National Review Article - Michael Mukasey
Brainy Bronx Kid against Terror - A conversation with Judge Michael B.
Mukasey, George W. Bush's last attorney general
By: Jay Nordlinger
Michael Mukasey is a modest man, not a horn-tooter, and you may have missed
his tenure as attorney general. He served from November 2007 to January
2009. In other words, he was President George W. Bush's last attorney
general (succeeding John Ashcroft and Alberto Gonzales). Mukasey is not
a great talker to the press, but he has plenty to say -- particularly
about how America is coping, or should cope, with what used to be known
as the War on Terror. (These days, the government prefers "Overseas
Contingency Operations" -- actually, without the capital letters.)
Mukasey is back in his hometown, New York, where he is a partner at the
law firm of Debevoise & Plimpton. That is in Manhattan. He did not
start out in Manhattan, but rather in the Bronx. He was born there in
1941, and grew up in a mixed neighborhood: Jewish and Italian. Talking
in his office, I ask whether he still feels like a Bronx kid. He says,
"I am a Bronx kid. But one who always wanted to live in Manhattan."
That was a sign, he says, that "you had arrived."
Mukasey is Jewish, his father an immigrant from Belarus. Was that name,
Mukasey, ever mistaken for Irish? "Oh, yeah: by the parents of several
Jewish girls I went out with." The name, incidentally, is pronounced
-- at least by this Mukasey -- "Myoo-KAY-zee."
He went to Columbia College, where he majored in American history. He
was editorials editor for the Columbia Daily Spectator. And what were
his politics? "Oh, God, pretty liberal, I think." During Mukasey's
confirmation hearings for attorney general, Sam Brownback, the conservative
senator from Kansas, pulled out a specimen from the past. It was "one
of those sneering editorials," says Mukasey, "that talked about
how wrong it was to prosecute some doctor for performing abortions, how
it was none of anybody's business except his and the mothers', and this,
that, and the other -- the usual arguments." And "the only conservative
editorial I remember writing had to do with the Cuban Missile Crisis,
and how Kennedy was right to draw the line."
Mukasey voted for Humphrey in 1968. He did not vote for the Democratic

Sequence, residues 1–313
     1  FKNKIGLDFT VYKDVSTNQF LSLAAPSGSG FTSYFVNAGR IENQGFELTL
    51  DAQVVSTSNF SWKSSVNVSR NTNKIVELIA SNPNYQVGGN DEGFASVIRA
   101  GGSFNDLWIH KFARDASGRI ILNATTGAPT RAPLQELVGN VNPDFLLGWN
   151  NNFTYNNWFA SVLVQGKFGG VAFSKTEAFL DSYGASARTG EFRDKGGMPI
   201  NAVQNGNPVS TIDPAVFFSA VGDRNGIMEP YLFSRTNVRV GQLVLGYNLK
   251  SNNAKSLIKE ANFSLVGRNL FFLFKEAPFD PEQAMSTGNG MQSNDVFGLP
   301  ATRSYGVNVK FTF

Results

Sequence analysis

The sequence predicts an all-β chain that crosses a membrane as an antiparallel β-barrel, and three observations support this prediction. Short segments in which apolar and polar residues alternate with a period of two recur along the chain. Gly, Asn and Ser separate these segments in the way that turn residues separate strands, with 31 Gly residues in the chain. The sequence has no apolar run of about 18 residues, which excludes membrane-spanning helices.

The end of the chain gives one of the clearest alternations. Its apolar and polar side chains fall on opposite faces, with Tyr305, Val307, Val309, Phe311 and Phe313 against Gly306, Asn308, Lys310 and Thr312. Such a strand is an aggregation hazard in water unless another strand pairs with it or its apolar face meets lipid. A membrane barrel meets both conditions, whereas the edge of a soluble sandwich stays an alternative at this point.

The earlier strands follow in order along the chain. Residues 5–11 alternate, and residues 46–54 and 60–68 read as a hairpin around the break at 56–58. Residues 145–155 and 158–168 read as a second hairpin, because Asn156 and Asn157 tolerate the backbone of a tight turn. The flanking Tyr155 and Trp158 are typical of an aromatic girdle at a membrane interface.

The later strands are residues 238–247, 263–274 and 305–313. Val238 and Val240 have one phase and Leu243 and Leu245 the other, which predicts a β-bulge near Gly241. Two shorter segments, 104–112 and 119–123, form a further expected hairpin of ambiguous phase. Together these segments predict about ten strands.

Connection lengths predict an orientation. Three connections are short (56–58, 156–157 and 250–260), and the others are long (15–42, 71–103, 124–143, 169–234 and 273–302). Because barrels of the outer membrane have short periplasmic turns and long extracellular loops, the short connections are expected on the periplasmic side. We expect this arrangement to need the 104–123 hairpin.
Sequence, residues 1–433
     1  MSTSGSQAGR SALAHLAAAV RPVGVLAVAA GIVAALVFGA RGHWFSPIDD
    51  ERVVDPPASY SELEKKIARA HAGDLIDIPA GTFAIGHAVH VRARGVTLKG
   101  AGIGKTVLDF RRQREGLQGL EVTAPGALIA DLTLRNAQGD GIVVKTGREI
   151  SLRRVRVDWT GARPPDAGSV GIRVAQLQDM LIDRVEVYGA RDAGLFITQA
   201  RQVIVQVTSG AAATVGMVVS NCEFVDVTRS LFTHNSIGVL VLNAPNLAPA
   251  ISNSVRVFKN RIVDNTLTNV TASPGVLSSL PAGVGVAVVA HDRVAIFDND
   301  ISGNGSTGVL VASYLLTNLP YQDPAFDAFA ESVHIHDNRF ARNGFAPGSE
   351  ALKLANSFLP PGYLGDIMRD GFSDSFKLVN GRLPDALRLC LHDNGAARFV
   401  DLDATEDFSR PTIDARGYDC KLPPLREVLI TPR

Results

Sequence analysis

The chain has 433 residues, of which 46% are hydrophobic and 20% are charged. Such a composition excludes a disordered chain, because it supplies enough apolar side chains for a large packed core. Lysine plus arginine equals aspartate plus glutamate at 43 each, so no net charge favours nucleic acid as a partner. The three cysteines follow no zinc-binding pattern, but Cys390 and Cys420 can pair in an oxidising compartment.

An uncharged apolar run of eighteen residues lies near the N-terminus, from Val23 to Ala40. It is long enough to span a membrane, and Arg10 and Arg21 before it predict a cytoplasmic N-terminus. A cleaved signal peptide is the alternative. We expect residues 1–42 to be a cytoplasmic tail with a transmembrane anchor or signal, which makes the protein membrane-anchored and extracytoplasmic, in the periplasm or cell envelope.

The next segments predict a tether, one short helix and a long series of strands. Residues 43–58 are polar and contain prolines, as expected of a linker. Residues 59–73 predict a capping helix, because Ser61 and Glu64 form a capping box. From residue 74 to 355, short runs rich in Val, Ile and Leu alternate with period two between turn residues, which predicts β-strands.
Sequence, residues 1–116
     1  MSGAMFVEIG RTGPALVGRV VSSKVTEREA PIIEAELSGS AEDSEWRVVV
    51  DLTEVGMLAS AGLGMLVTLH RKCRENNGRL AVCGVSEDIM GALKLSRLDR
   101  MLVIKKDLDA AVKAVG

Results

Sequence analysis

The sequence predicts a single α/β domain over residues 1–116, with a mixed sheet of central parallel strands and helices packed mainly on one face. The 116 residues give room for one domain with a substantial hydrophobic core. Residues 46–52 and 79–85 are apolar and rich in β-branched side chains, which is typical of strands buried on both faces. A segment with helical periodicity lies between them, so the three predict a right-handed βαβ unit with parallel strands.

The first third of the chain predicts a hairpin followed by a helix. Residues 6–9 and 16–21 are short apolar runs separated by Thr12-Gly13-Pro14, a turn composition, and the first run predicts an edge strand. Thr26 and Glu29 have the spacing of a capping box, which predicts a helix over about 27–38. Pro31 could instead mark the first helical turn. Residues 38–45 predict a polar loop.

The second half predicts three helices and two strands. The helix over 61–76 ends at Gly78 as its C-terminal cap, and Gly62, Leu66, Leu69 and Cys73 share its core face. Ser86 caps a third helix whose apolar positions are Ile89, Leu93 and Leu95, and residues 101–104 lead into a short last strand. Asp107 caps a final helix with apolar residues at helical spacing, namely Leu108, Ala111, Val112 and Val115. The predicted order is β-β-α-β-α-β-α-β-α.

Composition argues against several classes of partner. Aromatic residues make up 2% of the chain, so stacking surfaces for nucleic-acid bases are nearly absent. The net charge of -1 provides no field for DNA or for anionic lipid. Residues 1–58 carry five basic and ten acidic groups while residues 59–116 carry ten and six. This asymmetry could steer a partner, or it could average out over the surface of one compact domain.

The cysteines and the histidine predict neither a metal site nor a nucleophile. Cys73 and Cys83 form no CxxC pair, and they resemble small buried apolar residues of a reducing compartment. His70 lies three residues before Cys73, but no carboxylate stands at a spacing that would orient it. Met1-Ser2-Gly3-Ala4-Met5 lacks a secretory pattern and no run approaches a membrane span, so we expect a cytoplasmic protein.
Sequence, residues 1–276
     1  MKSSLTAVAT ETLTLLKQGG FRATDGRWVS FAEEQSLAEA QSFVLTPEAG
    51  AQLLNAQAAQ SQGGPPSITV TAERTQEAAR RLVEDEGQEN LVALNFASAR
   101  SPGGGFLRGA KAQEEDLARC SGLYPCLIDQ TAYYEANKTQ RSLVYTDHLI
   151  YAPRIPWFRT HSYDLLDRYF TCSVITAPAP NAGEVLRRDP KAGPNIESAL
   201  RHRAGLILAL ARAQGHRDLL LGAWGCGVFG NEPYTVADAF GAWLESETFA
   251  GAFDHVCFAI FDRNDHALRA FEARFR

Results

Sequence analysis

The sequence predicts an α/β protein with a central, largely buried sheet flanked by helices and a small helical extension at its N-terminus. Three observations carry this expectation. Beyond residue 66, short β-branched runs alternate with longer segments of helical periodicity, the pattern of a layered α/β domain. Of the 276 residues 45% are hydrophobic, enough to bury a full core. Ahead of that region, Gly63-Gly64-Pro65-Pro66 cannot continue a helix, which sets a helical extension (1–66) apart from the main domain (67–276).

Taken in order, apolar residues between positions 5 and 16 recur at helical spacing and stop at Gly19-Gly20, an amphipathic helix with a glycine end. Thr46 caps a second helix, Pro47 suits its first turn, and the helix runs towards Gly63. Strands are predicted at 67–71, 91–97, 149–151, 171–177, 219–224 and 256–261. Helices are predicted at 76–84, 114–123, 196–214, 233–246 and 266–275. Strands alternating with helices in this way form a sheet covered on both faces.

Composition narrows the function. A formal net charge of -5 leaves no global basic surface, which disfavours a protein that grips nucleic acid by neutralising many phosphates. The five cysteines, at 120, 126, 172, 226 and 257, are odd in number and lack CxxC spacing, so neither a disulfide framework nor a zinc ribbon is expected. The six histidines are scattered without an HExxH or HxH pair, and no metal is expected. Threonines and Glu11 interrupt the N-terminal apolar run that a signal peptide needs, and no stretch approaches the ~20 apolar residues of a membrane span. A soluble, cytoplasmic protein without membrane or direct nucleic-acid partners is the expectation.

nominee four years later (McGovern). That is a familiar story, told by
many a Democrat-turned-Republican.
Mukasey went to Yale Law School, where one of his professors was Robert
Bork: "a commanding presence," says Mukasey. Some 20 years later,
Bork underwent confirmation hearings for the Supreme Court, ultimately
being denied a place on that court. How did Mukasey find the hearings?
After law school, he worked in New York, serving as an assistant U.S.
attorney, as well as practicing privately. His clients included at least
two notorious characters: Roy Cohn and Claus von Bülow. Mukasey became
close to Rudolph Giuliani, and, in fact, would swear him in both times
as mayor -- once in Mukasey's own apartment.
Mukasey was a judge then, of course. In 1988, Reagan appointed him to
the federal court in the Southern District of New York. While on the bench,
Mukasey presided over several cases connected to the jihad -- to what
some would later call "Islamofascism." Most prominently, he
oversaw the trial of Omar Abdel Rahman, better known as the "blind
sheikh" -- a man who was determined to bomb any number of important
buildings in New York. For a period, Mukasey had a detail of federal marshals,
owing to the potential threats against him.
As you can imagine, he has decided views about the role of law enforcement
in the War on Terror -- a subject of great controversy, and a dividing
point between "conservatives" and "liberals," to use
broad terms. He remembers an early terror trial, some years before 9/11
-- not a trial he was presiding over. "I was walking back from lunch
with one of my colleagues, the late John Sprizzo. And there were all of
these marshals with their long arms, vests, and so on. And Sprizzo says,
'What the hell are we doing here? This isn't a law-enforcement problem,
this is a military problem.' . . . I thought this was a stunning insight."
Mukasey says that law enforcement ought to have a "support role,"
but not a "principal role" -- such as the military or intelligence
agencies should have.
He resigned from the federal bench in 2006, because, he explains, "the
ends didn't meet." In other words, "I had to make some hard
choices about how my family was going to live." He went back into
private practice, after his 18-year judgeship. I ask whether the United
States should pay its federal judges more. He says, "Probably. But
should salary be an attraction? I don't know about that. And if we pay
them more, we ought to select them more carefully."
In the fall of 2007, President Bush turned to Mukasey to ask him to be
attorney general. He was confirmed, of course: but a lot of Democrats
voted against him. Forty of them. Seldom has an AG nominee had so many
votes against him. Did that sting? "No," says Mukasey. The Democrats'
main complaint was that Mukasey would not say whether he regarded waterboarding
as torture, not being privy to the full range of facts that would be necessary
to form such a judgment. Interrogators' careers were involved. Plus, why
tell the enemy what you are prepared and not prepared to do? Mukasey says,
"I remember thinking at the time, 'Okay: I got a high-class problem.
If I get confirmed, I get to be attorney general of the United States.
If I don't get confirmed, I get to go back to New York and make money
and be known as the guy who was nominated and didn't make it'" for
reasons of principle.
There was also this wrinkle: Days before his confirmation hearings, he
had a scare concerning prostate cancer. Tests indicated that he had the
disease. That made Senator Leahy et al. a little less daunting -- a little
less important. In the end, he did not have cancer, and he was confirmed
as AG into the bargain.
He arrived at Justice "at a particularly stressful time for the department,"
he says. "Reputedly, morale was low, there was a fog of scandal,
and so on and so forth." His idea was "to get people doing what
they do on a day-to-day basis, making decisions based on the law, and
not worrying about distractions," while he himself kept a relatively
low profile -- letting those who accomplished something take credit for
it, rather than "going out and being the one to announce the big
arrest or whatever."